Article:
Retrofitting the City: Interweaving Urban Nature for Transformative Adaptation

David Ralston, Oakland. 
26 April 2017

Many voices. Greener cities. Better cities.

For city planners and those interested in addressing sustainability of the city as its interrelates with nature, we are very familiar with the pervasive discourse of climate change and the idea of adaptation to, as well as mitigation of, climate change effects and causes.

To strategically transform infrastructure for climate change, we need to indicate how cities can equitably involve the nature and culture of place.
As with any such terms, there are nuances that have important implications for our desired goals. If we are serious about adapting and mitigating climate change, we should understand how our proposed actions interface with the logic driving the patterns of unsustainable/non-resilient growth of our cityscapes—the logic patterns of growth that have collectively contributed to our getting to this climate crisis point.

Even with a degree of mitigation, adaptation that enables the short-term continuation of existing infrastructure and accruing tensions, rather than being part of a process of necessary reorganizing, becomes part of the “sustainability” of an increasingly frail status quo. In other words, certain kinds of adaptation can enable the current system to continue on a similar trajectory. An important critical consideration in sustainability is: what is being sustained, for whom, and who (or what) is being left out?

Living for the city: the greening of late modernity

Cities are human’s largest constructed artifacts and the locus of the majority of the world’s population. In places such as the U.S., our existing cities saw their greatest growth based on the infrastructure and underlying logic of “high modernity”—a logic of production that reigned supreme from 1930-1970. This includes the grey infrastructure-based logic of seeking concrete control of nature, which has resulted in the fragmentation and destruction of our relations to accessing the natural processes of place. This logic also includes the capitalist imperatives of growth centered on property markets, goods movement, profit reinvestment, and commerce backed by the rationalized sciences of economics, efficiency and professional planning. This overall structural complex of high modernity has created the foundation for the sprawl, consumption, technological-fixes, and industrial landscapes we take for granted. The resulting trajectory of this logic, should it continue to be applied, is what we describe in our climate plans as “business as usual.” This is a path that routinely supports “making a killing” as a way of making a living, but, as we know, does not support the living part of our lives in a deep sense, nor the living parts for our landscape ecologies. The sustainability industry is our response to this path—part of a larger “postmodern” environmental effort to ostensibly challenge and re-orient pervading capitalist logic and its built environmental manifestations.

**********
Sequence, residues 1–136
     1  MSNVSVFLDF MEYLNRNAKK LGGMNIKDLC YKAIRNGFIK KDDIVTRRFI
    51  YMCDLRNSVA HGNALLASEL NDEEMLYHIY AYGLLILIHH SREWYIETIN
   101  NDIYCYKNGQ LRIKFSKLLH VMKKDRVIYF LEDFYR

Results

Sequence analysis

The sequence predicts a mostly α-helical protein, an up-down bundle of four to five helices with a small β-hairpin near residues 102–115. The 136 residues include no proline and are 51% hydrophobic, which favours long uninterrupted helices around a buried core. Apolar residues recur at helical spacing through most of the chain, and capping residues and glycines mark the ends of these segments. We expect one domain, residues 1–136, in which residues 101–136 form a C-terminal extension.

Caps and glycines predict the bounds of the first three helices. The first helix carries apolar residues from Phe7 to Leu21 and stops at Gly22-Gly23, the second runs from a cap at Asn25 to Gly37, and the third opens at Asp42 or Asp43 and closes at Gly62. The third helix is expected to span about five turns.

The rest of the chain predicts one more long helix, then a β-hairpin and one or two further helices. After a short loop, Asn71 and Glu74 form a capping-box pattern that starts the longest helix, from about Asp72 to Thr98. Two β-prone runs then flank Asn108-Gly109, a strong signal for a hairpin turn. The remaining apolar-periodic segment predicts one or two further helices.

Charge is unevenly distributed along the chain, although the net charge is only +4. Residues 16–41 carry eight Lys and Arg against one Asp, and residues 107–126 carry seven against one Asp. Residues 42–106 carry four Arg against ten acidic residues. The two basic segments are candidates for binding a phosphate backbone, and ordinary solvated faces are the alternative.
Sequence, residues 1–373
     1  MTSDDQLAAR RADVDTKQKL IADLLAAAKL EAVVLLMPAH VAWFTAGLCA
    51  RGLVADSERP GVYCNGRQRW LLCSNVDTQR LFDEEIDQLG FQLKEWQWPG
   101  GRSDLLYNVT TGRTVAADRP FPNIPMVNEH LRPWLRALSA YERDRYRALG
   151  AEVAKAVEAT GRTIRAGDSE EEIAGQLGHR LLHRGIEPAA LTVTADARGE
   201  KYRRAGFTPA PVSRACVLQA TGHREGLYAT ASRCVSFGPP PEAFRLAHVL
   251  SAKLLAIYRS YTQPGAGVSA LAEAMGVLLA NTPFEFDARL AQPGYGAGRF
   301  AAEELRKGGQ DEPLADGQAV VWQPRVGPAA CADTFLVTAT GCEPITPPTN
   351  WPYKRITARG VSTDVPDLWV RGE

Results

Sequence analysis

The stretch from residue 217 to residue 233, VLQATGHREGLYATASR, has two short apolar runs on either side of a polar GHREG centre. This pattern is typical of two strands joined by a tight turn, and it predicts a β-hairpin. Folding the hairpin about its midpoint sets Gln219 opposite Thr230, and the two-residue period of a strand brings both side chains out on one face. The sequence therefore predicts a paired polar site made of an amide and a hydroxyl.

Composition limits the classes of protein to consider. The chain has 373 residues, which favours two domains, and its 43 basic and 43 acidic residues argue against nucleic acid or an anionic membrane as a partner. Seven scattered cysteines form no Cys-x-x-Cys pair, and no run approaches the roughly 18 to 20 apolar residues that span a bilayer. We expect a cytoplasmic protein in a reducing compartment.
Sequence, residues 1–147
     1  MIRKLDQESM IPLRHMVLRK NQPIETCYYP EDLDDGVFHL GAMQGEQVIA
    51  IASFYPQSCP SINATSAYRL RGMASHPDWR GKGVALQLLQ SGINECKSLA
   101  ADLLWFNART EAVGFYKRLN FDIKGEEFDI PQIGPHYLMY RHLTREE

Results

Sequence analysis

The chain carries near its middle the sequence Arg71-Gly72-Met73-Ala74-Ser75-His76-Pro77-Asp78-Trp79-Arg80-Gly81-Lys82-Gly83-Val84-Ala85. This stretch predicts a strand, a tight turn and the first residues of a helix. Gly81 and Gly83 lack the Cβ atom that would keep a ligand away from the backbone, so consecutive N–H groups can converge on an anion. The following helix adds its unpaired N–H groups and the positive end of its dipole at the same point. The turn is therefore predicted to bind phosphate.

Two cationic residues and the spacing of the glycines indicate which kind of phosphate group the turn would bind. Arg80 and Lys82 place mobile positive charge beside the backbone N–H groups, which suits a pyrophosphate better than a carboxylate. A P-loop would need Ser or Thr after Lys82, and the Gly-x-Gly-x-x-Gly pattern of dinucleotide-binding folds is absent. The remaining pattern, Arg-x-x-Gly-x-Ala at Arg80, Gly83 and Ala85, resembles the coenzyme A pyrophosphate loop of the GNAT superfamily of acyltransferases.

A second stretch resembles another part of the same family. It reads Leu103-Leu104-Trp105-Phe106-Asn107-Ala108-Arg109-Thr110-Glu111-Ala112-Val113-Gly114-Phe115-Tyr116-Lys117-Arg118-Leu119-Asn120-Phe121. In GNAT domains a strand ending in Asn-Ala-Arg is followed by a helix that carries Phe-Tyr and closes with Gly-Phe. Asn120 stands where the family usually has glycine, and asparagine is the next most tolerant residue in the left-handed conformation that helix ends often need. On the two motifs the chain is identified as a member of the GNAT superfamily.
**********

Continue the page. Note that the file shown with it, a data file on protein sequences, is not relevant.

In such a context, sustainability appears to be part of a clear, progressive movement. Yet, capitalist production has the capacity to morph and co-opt sustainability or greening through its logic of disinvestment, reinvestment, and consumption. How genuinely reformative, or transformative, is the emerging practice of applied interventions that we call sustainability? How would we even judge this quality?

Contemplating these questions is a rabbit hole that professional planners are typically trained and advised to avoid. We are not afforded the luxury to think through such critical (read: philosophical) conundrums. There are pragmatic and political concerns to consider; after all, we do not have a blank slate. Rather, we do what we can and hope for the best. In sustainability planning, there is an implicit idea that, somehow, we can balance planet, people, and profit in a form of green, more humane capitalism. The unfortunate elephant in the room is, we know by our own equations and science that as it stands, despite noble political efforts, what we are doing will certainly not be enough to prevent devastating consequences of climate change. We wait, hopefully, for the increasingly realized crisis to prompt deeper critical action, but this is like the homeowner calling for the architectural engineer to save them in the midst of an earthquake.

At this point, we need proactive strategic planning that doesn’t just adapt, as if in acquiescence, for anticipated future scenarios, but that immediately serves a functional purpose by morphing the existing built environment to produce a qualitative difference. The best analogy I like to use is the notion of “retrofitting”: much as the architect seeks to transform the performance of an existing unsustainable building by retrofitting within the given structure instead of razing it completely, we must seek to adapt strategically, so that the performance and capacity of the structure can become fundamentally different. While other unsustainable parts may, in time, fall away, a new emergent infrastructure is set in place. This is what I refer to as transformative adaptation.